2 authors picked The Millstone as one of their favorite books, and they share why you should read it.

What is this book about?

A celebration of the drama and intensity of the mother-child relationship, published as a Penguin Essential for the first time.

It is the Swinging Sixties, and Rosamund Stacey is young and inexperienced at a time when sexual liberation is well on its way. She conceals her ignorance beneath a show of independence, and becomes pregnant as a result of a one night stand. Although single parenthood is still not socially acceptable, she chooses to have the baby rather than to seek an illegal abortion, and finds her life transformed by motherhood.

'Rosamund is marvellous, a true Drabble heroine . .…


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The Emerald Necklace

By Linda Rosen,

Book cover of The Emerald Necklace

Linda Rosen Author Of The Emerald Necklace

New book alert!

Who am I?

Author Novelist Swimmer Public Speaker Reader Lover of gardens

Linda's 3 favorite reads in 2023

What is my book about?

It’s 1969. Women are fighting for equality. Rosalee, an insecure sculptor, and Fran, a best-selling novelist, have their issues. Will their bitter envy of each other and long-held secrets destroy their tenuous friendship? Or will Jill, Rosalee’s granddaughter, and the story behind her emerald necklace bind them together?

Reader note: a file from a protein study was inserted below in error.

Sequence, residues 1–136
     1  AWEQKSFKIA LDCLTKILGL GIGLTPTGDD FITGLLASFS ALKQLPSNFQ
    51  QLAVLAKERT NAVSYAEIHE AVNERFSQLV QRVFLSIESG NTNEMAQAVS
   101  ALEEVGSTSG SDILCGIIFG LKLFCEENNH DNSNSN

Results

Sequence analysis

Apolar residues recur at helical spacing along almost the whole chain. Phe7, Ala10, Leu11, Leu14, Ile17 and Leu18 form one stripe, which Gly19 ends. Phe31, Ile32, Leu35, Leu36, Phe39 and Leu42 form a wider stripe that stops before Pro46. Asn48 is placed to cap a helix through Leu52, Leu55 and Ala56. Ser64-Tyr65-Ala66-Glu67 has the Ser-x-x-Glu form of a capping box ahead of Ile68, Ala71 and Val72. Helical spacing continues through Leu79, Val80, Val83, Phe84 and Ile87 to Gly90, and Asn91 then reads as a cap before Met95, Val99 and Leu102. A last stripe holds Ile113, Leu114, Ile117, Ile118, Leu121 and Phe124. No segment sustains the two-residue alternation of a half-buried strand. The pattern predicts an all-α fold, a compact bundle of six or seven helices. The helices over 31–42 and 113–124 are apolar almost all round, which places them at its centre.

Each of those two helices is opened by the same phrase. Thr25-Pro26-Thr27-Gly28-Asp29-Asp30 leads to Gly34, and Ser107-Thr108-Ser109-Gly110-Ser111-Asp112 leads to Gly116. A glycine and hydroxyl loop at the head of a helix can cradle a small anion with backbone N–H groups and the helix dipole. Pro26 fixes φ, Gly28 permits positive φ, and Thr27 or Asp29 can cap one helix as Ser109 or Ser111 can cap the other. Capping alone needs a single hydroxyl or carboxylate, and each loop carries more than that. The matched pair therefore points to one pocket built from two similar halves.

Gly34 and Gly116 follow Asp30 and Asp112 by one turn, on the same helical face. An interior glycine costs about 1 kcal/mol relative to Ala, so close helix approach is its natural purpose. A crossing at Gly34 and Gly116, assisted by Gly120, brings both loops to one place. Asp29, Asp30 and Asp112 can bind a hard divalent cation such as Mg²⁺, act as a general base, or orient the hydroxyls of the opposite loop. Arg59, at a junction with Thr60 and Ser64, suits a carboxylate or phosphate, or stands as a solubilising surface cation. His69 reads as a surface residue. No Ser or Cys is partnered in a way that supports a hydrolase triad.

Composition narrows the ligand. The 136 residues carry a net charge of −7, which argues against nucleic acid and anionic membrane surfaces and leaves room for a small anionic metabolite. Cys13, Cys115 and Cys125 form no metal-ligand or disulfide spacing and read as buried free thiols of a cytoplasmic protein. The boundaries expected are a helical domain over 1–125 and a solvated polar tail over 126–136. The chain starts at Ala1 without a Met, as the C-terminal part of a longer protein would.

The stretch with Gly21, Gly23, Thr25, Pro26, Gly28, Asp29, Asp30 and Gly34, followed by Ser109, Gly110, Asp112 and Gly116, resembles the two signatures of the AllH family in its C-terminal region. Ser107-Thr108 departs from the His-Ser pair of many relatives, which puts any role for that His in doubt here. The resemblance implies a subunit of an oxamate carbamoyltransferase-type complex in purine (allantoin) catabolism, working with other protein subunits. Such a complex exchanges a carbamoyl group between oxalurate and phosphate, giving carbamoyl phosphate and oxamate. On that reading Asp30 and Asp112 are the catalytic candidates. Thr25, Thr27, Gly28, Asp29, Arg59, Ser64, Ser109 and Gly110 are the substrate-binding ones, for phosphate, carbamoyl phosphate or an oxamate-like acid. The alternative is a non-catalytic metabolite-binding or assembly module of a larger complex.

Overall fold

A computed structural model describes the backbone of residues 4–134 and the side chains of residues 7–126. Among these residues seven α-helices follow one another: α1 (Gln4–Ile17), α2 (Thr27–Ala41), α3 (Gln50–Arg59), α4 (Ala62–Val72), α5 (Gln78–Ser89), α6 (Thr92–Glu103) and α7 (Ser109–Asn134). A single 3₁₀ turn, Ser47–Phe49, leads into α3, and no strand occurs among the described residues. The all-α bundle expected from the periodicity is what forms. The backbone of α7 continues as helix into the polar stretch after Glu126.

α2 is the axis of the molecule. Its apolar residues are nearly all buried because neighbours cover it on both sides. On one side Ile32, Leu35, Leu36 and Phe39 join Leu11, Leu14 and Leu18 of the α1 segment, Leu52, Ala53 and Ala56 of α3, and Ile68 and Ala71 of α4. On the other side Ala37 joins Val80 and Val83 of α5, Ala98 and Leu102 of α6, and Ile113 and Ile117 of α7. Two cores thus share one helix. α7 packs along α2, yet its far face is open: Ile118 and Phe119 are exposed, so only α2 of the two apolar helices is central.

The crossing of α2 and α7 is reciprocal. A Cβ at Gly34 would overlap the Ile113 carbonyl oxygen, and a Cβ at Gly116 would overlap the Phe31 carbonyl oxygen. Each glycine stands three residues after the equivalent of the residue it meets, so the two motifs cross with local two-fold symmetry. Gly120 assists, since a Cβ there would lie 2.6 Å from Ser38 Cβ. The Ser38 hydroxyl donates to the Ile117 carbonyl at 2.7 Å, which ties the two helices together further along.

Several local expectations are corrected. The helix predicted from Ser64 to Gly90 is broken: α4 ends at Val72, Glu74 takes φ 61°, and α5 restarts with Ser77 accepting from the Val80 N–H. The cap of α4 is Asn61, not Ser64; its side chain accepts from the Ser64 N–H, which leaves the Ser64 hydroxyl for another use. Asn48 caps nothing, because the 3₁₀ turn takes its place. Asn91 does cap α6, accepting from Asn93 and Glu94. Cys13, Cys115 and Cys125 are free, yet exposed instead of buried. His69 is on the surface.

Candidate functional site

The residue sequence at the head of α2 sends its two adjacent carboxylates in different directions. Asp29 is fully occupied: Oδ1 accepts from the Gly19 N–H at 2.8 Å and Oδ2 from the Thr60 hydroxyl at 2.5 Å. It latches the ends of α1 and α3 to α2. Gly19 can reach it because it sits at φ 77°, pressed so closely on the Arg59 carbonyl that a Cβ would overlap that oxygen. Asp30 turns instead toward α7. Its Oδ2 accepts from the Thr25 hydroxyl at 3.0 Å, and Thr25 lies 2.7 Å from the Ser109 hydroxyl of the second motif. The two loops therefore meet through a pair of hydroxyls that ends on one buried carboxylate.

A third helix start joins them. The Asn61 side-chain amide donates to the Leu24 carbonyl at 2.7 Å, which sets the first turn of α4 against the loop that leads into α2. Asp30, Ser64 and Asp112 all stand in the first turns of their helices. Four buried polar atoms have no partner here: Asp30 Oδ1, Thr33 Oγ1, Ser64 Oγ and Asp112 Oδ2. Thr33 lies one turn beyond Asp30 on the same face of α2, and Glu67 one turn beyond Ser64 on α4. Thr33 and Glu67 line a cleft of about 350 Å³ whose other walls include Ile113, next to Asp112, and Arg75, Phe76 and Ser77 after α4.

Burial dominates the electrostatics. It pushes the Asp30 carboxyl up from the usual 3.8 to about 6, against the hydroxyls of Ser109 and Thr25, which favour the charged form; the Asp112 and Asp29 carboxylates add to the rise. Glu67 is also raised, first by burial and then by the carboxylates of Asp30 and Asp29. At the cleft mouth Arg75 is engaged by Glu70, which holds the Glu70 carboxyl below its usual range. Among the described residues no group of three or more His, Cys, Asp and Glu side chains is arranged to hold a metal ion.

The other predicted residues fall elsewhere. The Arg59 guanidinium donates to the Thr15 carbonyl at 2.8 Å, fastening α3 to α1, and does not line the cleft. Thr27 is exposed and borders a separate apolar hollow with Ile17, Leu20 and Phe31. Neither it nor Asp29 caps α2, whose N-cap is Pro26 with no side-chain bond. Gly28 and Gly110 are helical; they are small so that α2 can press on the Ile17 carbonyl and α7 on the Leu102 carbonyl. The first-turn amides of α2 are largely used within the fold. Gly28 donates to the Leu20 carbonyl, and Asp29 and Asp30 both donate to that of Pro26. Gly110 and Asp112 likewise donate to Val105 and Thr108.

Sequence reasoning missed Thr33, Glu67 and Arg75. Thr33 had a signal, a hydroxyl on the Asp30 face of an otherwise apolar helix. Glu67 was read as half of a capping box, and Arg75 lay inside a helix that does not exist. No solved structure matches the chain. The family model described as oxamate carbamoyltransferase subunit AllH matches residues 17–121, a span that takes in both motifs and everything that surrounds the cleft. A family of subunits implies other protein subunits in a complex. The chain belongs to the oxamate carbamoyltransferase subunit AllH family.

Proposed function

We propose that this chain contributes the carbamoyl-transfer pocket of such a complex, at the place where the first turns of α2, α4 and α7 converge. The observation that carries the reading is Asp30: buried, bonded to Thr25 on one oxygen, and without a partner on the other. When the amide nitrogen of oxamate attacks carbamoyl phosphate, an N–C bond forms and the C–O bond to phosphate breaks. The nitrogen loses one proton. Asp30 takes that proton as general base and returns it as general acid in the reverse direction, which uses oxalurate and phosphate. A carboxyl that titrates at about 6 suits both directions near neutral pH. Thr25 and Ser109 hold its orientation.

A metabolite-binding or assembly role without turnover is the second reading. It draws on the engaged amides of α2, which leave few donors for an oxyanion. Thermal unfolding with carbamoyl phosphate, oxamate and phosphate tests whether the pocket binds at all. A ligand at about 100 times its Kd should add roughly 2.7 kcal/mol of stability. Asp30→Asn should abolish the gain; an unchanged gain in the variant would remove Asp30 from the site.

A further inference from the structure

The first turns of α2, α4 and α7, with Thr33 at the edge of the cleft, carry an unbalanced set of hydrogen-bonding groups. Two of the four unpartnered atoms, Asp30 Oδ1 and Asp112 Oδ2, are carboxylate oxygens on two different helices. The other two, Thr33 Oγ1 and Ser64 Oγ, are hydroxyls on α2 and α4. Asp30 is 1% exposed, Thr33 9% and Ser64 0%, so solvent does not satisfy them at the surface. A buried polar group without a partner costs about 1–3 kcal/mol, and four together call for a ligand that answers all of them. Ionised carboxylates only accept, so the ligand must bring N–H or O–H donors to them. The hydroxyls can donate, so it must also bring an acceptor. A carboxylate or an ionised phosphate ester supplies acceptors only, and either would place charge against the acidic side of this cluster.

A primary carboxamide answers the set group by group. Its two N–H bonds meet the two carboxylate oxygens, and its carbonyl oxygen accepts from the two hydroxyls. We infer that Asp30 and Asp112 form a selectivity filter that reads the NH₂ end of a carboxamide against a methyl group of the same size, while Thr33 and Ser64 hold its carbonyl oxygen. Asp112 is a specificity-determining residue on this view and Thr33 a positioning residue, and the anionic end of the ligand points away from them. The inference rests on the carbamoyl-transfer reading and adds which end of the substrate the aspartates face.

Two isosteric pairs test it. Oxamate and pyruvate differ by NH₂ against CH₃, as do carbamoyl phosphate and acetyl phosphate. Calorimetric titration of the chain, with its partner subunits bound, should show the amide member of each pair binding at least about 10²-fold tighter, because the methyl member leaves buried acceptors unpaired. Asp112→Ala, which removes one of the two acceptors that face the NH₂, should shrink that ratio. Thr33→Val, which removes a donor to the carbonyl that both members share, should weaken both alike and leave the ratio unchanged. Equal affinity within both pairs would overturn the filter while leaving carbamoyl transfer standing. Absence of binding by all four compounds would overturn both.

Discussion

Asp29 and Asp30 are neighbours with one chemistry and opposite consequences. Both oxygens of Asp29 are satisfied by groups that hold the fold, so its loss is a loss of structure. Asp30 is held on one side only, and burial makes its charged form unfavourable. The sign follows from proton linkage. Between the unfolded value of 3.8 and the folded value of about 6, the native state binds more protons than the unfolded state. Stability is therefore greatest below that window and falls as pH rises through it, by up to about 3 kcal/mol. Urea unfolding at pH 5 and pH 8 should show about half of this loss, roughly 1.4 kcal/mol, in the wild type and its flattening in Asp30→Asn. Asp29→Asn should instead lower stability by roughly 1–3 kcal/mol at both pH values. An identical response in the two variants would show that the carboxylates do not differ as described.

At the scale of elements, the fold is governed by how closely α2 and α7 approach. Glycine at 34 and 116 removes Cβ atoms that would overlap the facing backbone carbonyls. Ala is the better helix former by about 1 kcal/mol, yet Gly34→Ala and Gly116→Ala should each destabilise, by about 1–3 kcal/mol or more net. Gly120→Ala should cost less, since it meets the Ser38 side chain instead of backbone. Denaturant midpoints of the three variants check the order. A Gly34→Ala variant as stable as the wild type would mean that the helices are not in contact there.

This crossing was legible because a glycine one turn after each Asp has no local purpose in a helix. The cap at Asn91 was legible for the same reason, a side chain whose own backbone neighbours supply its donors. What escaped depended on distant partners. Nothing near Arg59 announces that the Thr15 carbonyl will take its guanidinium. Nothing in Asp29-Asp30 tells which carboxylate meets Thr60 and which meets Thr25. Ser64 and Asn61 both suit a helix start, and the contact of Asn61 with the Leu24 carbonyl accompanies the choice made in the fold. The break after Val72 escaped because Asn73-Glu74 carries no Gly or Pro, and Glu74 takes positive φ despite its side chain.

A multi-generational novel of friendship and frenemies, envy, and long-held secrets that explores current issues through a historical lens. The Emerald Necklace sheds light on that inevitable time when lovers, family, friends, and circumstances change and force you to reinvent yourself whether you want to or not.

The Emerald Necklace

By Linda Rosen,

What is this book about?

"Engaging and mysterious, The Emerald Necklace sheds light on that inevitable time when lovers, family, friends and circumstances change and force you to reinvent yourself whether you want to or not." –Rebecca Rosenberg, award-winning Champagne Widows series

Three months after her husband's death in 1969, Rosalee Linoff is determined to jump back into life.

For her, that means returning to her art. She desperately wants to be accepted as a talented sculptor, but that requires she dig up the courage to submit her work again - and be judged. Her paralyzing insecurity mounts when she meets her new neighbor, best-selling…